Delaware Drunk Driving Laws and Penalties

Learn about the penalties—including fines, jail, and license consequences—for a DUI conviction in Delaware.

Delaware law prohibits driving:

  • while under the influence of alcohol or any drug
  • with a blood alcohol content (BAC) of .08% or more, or
  • when the driver’s blood unlawfully contains any amount of illicit or recreational drugs.

“Driving,” as it relates to a DUI, includes the operation or actual physical control over a vehicle. “Actual physical control” does not require a running engine or a moving vehicle to result in a DUI conviction—the driver just needs to have the ability to easily become a danger.

A driver is under the influence when he or she is less able than normal to exercise due care in driving. Alternatively, a BAC of at least .08% can result in a DUI conviction. Our BAC calculator and BAC table can give you an estimate of where your BAC might be at after a certain number of drinks.

Delaware DUI Penalties

When a person is convicted of a DUI, the judge decides the jail time and fines to impose but is required to stay within certain parameters. These guidelines are based upon how many prior DUI convictions a person has—including out-of-state convictions. A DUI is considered a second offense if it occurs within ten years of the first offense.

1st Offense

2nd Offense

3rd Offense (felony)

Jail

Up to 12 months

60 days to 18 months

1 to 2 years prison

Fines

$500 to $1,500

$750 to $2,500

Up to $5,000

First Offense Election. For a standard first offense (involving no aggravating factors), offenders with no criminal history can opt to waive their trial and appellate rights and accept a probation period under the First Offense Election program. The person will need to complete treatment and a one-year license revocation and pay certain fees but will avoid a DUI conviction. However, a First Offense Election still counts as a prior offense for determining whether a DUI charge in the future is a second or subsequent offense.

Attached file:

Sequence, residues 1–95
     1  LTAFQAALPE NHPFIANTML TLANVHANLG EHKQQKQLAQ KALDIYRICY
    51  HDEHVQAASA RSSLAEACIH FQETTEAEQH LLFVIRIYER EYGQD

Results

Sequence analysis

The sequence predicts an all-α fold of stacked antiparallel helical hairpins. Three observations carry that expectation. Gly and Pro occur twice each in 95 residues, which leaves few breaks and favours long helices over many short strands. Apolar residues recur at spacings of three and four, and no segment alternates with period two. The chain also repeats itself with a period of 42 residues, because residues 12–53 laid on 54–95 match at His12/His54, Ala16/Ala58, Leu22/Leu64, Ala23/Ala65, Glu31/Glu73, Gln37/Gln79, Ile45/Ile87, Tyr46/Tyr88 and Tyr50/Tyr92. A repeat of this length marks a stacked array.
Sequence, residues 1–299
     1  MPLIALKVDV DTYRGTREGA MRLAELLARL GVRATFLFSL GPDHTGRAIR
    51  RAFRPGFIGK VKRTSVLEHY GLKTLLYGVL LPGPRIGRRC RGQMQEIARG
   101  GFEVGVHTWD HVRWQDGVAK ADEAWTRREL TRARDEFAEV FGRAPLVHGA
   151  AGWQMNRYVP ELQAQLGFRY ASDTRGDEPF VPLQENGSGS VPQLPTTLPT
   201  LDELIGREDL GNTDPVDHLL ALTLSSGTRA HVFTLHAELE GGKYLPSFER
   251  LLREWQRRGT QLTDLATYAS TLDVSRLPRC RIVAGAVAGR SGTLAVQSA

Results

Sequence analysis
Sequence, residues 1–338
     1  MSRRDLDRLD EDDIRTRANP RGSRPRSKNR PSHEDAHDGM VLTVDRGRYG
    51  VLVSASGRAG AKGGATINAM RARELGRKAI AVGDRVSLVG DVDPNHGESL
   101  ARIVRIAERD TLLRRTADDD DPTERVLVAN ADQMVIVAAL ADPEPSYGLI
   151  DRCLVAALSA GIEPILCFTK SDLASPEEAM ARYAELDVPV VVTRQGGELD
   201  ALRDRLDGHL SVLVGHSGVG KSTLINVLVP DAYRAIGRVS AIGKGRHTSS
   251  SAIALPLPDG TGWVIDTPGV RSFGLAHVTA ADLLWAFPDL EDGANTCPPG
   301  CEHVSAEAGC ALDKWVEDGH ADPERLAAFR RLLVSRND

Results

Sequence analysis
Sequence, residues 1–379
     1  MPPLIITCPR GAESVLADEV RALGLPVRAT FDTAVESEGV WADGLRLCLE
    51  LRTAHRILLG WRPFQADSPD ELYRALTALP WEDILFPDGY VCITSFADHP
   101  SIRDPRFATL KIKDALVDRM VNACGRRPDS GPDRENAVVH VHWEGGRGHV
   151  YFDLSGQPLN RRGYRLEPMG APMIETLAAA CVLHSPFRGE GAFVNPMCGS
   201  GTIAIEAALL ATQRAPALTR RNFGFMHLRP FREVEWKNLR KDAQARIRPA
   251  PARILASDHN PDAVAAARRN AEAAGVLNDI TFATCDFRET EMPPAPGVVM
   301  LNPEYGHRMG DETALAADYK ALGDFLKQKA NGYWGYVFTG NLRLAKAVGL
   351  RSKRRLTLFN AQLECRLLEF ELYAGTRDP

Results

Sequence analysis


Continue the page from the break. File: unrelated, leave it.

Court of Common Pleas Driving Under the Influence Treatment Program. Delaware has an optional intensive supervision program that requires community service, treatment plans, and monitored abstinence. Completion of the program can reduce the penalties for a second offense to only 30 days of jail, with 30 days of community service. Those who do not enroll in the program can still be ordered by the judge to complete an alcohol evaluation and treatment.

Third offenders who participate in the Court of Common Pleas DUI Treatment Program must serve a minimum three months in prison before being released on probation. A third or subsequent DUI conviction is a felony and requires 90 days of monitored abstinence.

Young passengers. A DUI offender carrying a passenger under 17 years old will receive an additional $500 to $1,500 in fines and 40 hours of community service. For a subsequent offense involving an underage passenger, there will be an additional $750 to $2,500 in fines and 80 hours community service.

Driver’s License Sanctions

A Delaware driver can lose driving privileges due to a DUI arrest or DUI conviction.

Conviction Revocations

For a DUI conviction, the state will revoke the driver’s license for the following periods.

BAC Level

1st Offense

2nd Offense

3rd Offense